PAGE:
The building, which is the only open-air restaurant in Over-the-Rhine, is currently undergoing a remodel to fit the tavern concept. The Krueger’s menu will feature sandwiches and tavern food, with more than 75 varieties of canned beer, as well as a full bar.
 
Four types of sausages will be made in-house, and will be served with sides instead of on buns. The sandwiches will include a sloppy joe and a chicken club, made on bread from 16 Bricks.
 
The name for the restaurant comes from Krueger’s Brewing, which was a New Jersey brewery that, in 1935, was the first to sell beer in cans.
 
Thunderdome owns four Bakersfield restaurants with two more to come, several Currito locations, The Eagle Food and Beer Hall and SoHi Grilled Sandwiches in Oxford.
 

Mt. Adams eatery and market focuses on fresh, local ingredients

Sprout Market & Eatery opened its doors Oct. 14 in Mt. Adams, with a focus on fresh and local ingredients. The restaurant’s market carries in-season produce, cheese, meats, breads, milk, eggs, sauces, condiments and other day-to-day essentials.
 
Sprout’s menu is similar to the market offerings, and is driven by what is seasonally fresh. The chef, Michael Brown, pulls fresh, seasonal produce from the market shelves in order to put his spin on brunch, lunch and dinner.
 
The small menu will change seasonally and often, depending on what’s available from farmers. Sprout also has 40 organic and/or sustainable wines by the bottle and a dozen by the glass; 14 beers on tap from local and craft breweries with growlers to-go; and three specialty cocktails in the works.
 
Brunch is served a la carte, and the highlights include corn cakes, ham and cheese, and a portobello and asparagus frittata. The lunch menu focuses on fresh salads, including a toasted quinoa and a Caesar salad, sandwiches, and a vegan cabbage soup. The current dinner menu showcases mussels with a house-made broth and corn grown just north of Cincinnati, as well as a fettuccine dish with house-made pasta, ricotta cheese and a late-harvest tomato confit.
 
“Throughout the building’s renovation process, we had so many Mt. Adams'ers stopping in to lend us a hand and show us that they appreciated our dream for Sprout,” says owner Whit Hesser. “Now that we have the doors open, we really hope to bring a sense of openness and a place that the residents are proud to call their own.”
 
The market is open from 11 a.m. to 9 p.m. during the week, and from 11 a.m. to 10 p.m. on weekends. The dining room is open for lunch from 11 a.m. to 2 p.m. Tuesday-Saturday, and for dinner from 5 to 9 p.m. Tuesday-Thursday, and 5 to 10 p.m. Saturday and Sunday. Sprout also serves brunch from 11 a.m. to 3 p.m. on Sundays.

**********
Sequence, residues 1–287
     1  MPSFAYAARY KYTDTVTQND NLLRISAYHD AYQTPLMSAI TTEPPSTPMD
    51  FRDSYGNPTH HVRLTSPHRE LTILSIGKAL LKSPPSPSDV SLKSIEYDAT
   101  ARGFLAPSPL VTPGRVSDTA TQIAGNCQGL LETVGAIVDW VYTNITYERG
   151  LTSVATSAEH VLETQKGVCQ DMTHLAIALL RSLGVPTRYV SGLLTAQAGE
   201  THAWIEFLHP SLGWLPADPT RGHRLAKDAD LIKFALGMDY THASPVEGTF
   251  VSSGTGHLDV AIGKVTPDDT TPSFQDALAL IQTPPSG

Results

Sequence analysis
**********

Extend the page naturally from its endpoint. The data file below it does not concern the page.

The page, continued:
There’s also a lounge beneath Sprout—Roots—that can be booked for private parties of up to 40 during the week. And on Friday and Saturday nights, you can catch live jazz, folk or bluegrass music there.
 

Local couple brings Wiedemann beer back to Newport

Next spring, Newport will once again be home to the Geo. Wiedemann Brewing Co., which closed and moved to Evansville, Ind., in 1983. But local Jon Newberry is bringing the brand back to Northern Kentucky, and will operate out of a 10,000-square-foot space in WaterTower Square.    
 
“I want to bring some of the good times people remember back to the area,” Newberry says. “There’s more nightlife in Newport, we want to add to it, and bring people from Ohio here, expanding the brewery trail development that’s going on over there.”
 
George Wiedemann founded the brewery in 1870, and under his direction it grew to be the largest in Kentucky. Heilemann Brewing, a Wisconsin company, purchased Wiedemann in 1967, and operated the brewery in Newport until 1983.
 
At the time, Heilemann was purchasing a number of regional breweries, and decided to move Wiedemann to the old Sterling Brewery in Evansville, but it shut down in the 1990s. Pittsburgh Brewing then acquired the rights to the Wiedemann brand and made the beer until 2006, when they filed for bankruptcy.
 
The trademark rights to Wiedemann had expired, so Newberry applied for the rights. When he brought the brand back, he introduced a new beer, Wiedemann Special Lager. Wiedemann is currently available in stores and restaurants throughout the Greater Cincinnati area, including Pompilio’s in Newport and Mecklenburg Gardens.
 
The new brewery will have a large taproom with about 12 Wiedemann beers on tap, and will serve food as well. Newberry also wants to offer tours and host beer-related events. There will also be an outdoor biergarten with a bar that will be set up in the building’s existing courtyard.
 
“This will be the third brewery in Newport, and people have been really encouraging and are excited to have some Newport pride back,” Newberry says.

Plans are still in the works, but Newberry hopes to have construction underway by next month.

Frameshop opens Workshop in Walnut Hills

Frameshop recently moved the back end of its framing business to 700 E. McMillan in Walnut Hills. It’s in the same building as Beck Paint and Hardware, and will allow Frameshop the space to do the woodwork and finishing on pieces.
 
Co-owner Jake Baker says they ran out of space to make frames at the Over-the-Rhine location, and needed a place where they could test out their services and maybe develop new products.
 
“We were looking for new opportunities to work with wood,” Baker says. “Walnut Hills is looking to change the dynamic of the neighborhood, and we’re excited about that.”